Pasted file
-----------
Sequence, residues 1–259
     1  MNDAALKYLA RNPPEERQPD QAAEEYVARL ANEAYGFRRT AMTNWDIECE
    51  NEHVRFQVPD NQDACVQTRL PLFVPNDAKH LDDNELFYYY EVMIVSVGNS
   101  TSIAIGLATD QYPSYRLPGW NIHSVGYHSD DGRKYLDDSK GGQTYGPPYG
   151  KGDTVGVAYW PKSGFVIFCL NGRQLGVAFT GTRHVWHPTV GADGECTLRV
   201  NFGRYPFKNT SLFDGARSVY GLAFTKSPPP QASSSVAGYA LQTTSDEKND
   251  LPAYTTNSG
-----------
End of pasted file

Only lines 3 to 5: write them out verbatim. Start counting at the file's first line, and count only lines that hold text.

    51  NEHVRFQVPD NQDACVQTRL PLFVPNDAKH LDDNELFYYY EVMIVSVGNS
   101  TSIAIGLATD QYPSYRLPGW NIHSVGYHSD DGRKYLDDSK GGQTYGPPYG
   151  KGDTVGVAYW PKSGFVIFCL NGRQLGVAFT GTRHVWHPTV GADGECTLRV